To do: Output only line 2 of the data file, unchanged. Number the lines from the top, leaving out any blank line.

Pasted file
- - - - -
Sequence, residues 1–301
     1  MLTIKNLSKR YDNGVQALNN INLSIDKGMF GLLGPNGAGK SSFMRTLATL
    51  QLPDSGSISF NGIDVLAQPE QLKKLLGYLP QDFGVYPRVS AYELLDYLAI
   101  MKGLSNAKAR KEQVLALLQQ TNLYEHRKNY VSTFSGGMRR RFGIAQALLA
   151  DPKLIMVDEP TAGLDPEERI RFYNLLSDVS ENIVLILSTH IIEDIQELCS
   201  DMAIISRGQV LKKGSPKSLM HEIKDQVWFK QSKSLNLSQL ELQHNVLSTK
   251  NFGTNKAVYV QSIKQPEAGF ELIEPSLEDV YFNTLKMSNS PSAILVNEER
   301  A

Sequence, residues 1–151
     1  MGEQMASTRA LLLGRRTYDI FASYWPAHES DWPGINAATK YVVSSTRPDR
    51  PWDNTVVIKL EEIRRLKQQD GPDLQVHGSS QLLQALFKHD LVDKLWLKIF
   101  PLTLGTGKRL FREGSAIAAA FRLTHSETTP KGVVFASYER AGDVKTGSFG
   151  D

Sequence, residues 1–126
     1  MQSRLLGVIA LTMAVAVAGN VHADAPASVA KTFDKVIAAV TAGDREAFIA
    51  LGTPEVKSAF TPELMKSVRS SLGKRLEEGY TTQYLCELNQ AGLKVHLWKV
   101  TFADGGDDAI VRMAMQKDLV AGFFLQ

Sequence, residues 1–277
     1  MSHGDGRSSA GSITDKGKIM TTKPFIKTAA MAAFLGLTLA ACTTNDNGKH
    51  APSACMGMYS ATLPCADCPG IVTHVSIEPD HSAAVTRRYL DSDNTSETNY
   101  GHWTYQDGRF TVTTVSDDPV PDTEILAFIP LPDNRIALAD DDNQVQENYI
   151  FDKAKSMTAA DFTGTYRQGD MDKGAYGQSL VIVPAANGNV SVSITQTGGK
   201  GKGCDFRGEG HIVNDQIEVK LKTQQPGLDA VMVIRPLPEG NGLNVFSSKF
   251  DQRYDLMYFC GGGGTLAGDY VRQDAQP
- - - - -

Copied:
     1  MLTIKNLSKR YDNGVQALNN INLSIDKGMF GLLGPNGAGK SSFMRTLATL